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Chabacano language

From Academic Kids

Chavacano, (also Chabacano or Zamboangueño), is a Spanish creole spoken in the Philippines.

Chavacano is concentrated mostly in the provinces of Zamboanga, Cotabato with some speakers found in Ternate in Cavite. According to a 1990 census, there are 292,630 speakers. Speakers are also said to be found in one village in Semporna, Sabah, Malaysia. Some varieties based on the nearby regions are Davaeño spoken in Davao and Cotabateño spoken in Cotabato. There are three known varieties of Chabacano which have Tagalog as their substrate language are: Caviteño, Ternateño, and Ermitaño (extinct). The other varieties have Cebuano as their substrate language. Zamboangueño is the variety with the most number of speakers, being the main language of Zamboanga City.

The vocabulary is predominantly derived from the Spanish language, while the grammar is mostly based on indigenous structures. It is used in primary education, television and radio.

Contents

Historical development (Zamboangueño)

In June 23, 1635, Zamboanga became a permanent foothold of the Spanish government known as San José Fort. Bombardment of Muslim attackers, harassments of Muslim pirates and the determination to spread Christianity forced friars to request Spanish reinforcements. Zamboanga or San José Fort was also a crucial strategic location.

The military authorities decided to import labor from Luzon and the Visayas. Thus, the construction work force eventually consisted of Spanish soldiers, masons from Cavite-who comprised the majority, sacadas from Cebu and Iloilo, and those from the various local tribes of Zamboanga like the Samals and Subanons.

Differences in dialect and culture made it difficult for one tribe to communicate with another. Add to this, work instructions were issued in Spanish. Majority of the workers were unschooled and therefore did not understand Spanish but needed to communicate with each other and the Spaniards. A lingua franca developed and became a full-pledged language still in use today, mainly in Zamboangga City.

From then on, constant Spanish military reinforcements as well as increased presence of Spanish religious institutions and educational institutions have fostered the Spanish creole.

Ternateño

The Merdicas were a tribe of Malays of Ternate in the Moluccas which was a small Spanish colony. And before this it was a Portugese colony. In 1574, the merdicas volunteered to come to Cavite to support the Spanish against the threat of invasion of the Chinese pirate, Limahong. The invasion did not occur but the community of Merdicas settled in a place called Barra de maragondon at a sandbar at the mouth of the Maragondon River. Today, the place is called Ternate and the community of Merdicas continued to use broken Spanish which came to be called Ternateño or Ternateño Chavacano.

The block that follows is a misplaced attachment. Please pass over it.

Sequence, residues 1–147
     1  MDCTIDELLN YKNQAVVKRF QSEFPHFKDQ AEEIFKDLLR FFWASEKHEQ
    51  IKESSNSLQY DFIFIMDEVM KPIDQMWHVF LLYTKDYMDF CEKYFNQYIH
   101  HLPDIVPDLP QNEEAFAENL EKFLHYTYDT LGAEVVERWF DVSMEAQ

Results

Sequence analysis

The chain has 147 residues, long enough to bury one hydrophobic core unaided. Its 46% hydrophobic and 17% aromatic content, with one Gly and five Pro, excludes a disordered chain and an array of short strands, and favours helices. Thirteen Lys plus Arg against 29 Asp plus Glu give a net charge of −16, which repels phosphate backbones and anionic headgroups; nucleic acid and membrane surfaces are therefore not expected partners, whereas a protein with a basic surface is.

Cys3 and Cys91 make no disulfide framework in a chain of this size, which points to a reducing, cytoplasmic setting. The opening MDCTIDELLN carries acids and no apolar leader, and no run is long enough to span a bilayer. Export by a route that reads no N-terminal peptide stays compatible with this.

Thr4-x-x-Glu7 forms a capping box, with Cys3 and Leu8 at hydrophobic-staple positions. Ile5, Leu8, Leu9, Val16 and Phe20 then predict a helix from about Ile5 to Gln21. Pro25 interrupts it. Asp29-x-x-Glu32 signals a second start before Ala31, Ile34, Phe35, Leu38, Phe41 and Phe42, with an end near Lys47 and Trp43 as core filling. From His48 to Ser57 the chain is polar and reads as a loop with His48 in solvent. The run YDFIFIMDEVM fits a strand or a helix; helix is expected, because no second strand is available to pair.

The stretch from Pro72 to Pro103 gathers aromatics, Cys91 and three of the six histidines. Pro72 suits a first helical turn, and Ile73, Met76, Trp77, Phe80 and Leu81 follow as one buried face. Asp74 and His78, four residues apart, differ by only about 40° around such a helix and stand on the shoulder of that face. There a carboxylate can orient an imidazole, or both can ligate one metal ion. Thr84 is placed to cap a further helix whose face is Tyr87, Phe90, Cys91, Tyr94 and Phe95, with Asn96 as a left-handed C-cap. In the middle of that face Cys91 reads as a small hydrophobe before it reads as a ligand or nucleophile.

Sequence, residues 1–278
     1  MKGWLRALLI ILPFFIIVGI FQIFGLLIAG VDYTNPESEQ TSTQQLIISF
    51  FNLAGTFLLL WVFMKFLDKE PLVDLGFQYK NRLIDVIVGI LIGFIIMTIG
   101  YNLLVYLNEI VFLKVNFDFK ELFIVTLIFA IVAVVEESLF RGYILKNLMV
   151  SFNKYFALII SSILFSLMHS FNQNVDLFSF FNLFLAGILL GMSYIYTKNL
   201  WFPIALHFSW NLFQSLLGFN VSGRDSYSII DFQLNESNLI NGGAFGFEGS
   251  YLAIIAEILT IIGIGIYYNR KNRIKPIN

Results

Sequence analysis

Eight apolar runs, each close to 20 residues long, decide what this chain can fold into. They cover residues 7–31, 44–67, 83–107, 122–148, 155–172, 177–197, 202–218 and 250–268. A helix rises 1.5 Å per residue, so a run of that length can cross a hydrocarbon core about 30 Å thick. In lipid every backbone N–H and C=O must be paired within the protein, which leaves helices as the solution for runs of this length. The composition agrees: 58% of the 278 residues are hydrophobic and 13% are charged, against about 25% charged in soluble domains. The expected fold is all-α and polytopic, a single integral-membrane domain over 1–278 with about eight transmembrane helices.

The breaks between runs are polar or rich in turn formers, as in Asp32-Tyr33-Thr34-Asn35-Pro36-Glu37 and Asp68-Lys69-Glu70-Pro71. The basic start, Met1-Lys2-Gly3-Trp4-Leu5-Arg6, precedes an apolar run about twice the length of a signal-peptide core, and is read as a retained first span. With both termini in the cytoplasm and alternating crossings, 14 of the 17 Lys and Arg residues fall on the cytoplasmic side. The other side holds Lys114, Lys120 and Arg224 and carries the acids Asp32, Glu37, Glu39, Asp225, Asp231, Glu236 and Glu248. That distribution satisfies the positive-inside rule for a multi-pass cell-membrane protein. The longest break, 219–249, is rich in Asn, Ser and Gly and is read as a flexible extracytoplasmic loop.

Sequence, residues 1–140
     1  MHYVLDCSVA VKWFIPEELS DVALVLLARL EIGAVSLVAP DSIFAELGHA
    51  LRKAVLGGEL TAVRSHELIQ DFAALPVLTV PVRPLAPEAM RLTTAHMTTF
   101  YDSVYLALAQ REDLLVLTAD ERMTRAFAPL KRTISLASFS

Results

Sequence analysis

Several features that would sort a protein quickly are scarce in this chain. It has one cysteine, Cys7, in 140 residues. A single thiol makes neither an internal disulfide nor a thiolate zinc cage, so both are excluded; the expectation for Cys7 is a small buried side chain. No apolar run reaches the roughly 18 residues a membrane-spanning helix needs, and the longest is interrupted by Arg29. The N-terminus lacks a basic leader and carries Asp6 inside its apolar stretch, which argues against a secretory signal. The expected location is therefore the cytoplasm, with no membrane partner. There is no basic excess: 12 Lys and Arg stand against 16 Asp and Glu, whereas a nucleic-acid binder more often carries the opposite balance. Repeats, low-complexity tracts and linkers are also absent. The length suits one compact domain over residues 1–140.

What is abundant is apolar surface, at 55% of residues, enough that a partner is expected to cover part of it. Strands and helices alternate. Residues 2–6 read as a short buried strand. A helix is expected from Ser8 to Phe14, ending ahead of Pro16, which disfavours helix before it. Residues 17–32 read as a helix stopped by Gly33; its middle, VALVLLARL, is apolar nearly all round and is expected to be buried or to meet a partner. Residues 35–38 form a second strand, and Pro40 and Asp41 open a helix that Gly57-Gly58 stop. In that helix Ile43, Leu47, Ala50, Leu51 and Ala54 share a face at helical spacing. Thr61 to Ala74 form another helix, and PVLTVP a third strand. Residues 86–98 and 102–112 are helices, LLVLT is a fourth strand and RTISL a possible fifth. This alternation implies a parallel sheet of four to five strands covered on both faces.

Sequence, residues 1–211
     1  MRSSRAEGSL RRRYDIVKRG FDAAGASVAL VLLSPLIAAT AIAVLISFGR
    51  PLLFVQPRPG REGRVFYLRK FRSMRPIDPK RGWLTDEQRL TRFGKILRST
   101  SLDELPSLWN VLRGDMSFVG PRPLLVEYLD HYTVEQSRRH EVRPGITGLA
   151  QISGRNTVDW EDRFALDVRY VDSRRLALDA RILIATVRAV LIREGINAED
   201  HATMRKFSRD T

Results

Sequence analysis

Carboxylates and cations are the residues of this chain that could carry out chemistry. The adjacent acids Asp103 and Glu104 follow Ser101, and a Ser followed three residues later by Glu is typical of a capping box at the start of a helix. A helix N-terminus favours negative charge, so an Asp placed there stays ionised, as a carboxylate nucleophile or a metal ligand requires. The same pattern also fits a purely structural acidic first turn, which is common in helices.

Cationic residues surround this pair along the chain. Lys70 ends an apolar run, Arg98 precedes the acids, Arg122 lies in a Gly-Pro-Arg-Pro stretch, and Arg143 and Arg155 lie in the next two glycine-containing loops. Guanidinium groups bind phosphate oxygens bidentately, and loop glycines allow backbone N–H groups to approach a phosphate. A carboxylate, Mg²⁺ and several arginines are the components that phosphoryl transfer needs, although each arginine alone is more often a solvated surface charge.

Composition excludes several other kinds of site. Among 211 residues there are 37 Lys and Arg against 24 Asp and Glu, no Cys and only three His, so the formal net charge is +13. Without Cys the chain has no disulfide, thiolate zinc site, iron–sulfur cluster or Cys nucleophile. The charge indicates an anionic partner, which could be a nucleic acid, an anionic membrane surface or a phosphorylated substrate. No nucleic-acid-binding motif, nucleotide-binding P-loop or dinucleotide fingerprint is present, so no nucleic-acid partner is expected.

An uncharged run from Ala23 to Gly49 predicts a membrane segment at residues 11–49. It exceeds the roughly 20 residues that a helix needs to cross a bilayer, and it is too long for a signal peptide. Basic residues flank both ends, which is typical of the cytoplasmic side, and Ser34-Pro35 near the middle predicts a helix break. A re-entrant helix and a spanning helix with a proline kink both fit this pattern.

Samples:

Donde andas?.
( ‘Where are you going?’)
Ya mirá yo cun José.
( ‘I saw José.’)
Nisós ya pidí pabor cun su papang.
(‘We have already asked your father for a favor.’)
Ele ya empesá buscá que buscá con el sal.
(‘He/She began to search everywhere for the salt.’)
Ele ya andá na escuela.
(‘He/She went to school.’)
Mario ya dormí na casa.
(‘Mario slept in the house.’)
El ombre, QUE ya man encontra tu, mi hermano.
(The man [whom] you met is my brother.)
El persona, CON QUIEN ta conversa tu, bien bueno gayot.
(The person you are talking to is very nice indeed.)

The 'Lord's Prayer' in the Chabacano of Zamboanga

EL "PADRE NUESTRO" NA CHABACANO DE ZAMBOANGA

Tata diamon talli na cielo, bendito el di Uste nombre.
Ace el di Uste voluntad aqui na tierra, igual como alli na cielo.

Dale kanamon el pan para cada dia. Perdona el diamon maga culpa,
como ta perdona kame con aquellos tiene culpa kanamon.
No deja que ay cae kame na tentacion Y libra kanamon del mal.

Second Sample of Chabacano of Zamboanga

Trenta’y cuatro kilometro desde na pueblo de Zamboanga, Bunguiao un diutay barrio, estaba como un desierto. No hay gente quien ta queda. Abundante en particular de maga animal como puerco, gatorgalla, venao y otro pa. Maga pajariador lang ta puede visita con este lugar.

'Bunguiao, a small village, thirty four kilometers from the city of Zamboanga, was once a wilderness. No people lived here. The place abounded with wild animals like pigs, wildcats, deer, and still others. The place was visited only by (bird) hunters.'

Sample of Chabacano of Cavite

Puede nisos habla: que grande nga pala el sacrificio del mga heroe para niso independencia. Debe nga pala no niso ulvida con ilos. Ansina ya ba numa? Debe haci niso mga cosa para dale sabi que ta aprecia niso con el mga heroeque preparao din niso haci sacrificio para el pueblo. Que laya? Escribi mga novela como Jose Rizal?

'We can say what great sacrifices our heroes made to achieve our independence. We should therefore not forget them. Is it like this? We should do things to let it be known that we appreciate the heroes; that we are prepared to make sacrifices for our people. How? [should we] write novels like José Rizal?'

False Friends: Spanish words that changed in meaning

'Ya' denotes past tense. (Spanish: ya-already)

Siguro means 'Maybe'. (Spanish: seguro-sure, secure, stable)

Syempre means 'Of course'. (Spanish: siempre-always)

Pirmi means 'Always'. (Spanish: firme-firm, steady)

Basta - as long as (Spanish: basta enough)

maske - even (Spanish: mas que - more than)

See also

Codes

SIL code: CBK
ISO 639-2: crp

References

External link

es:Chabacano

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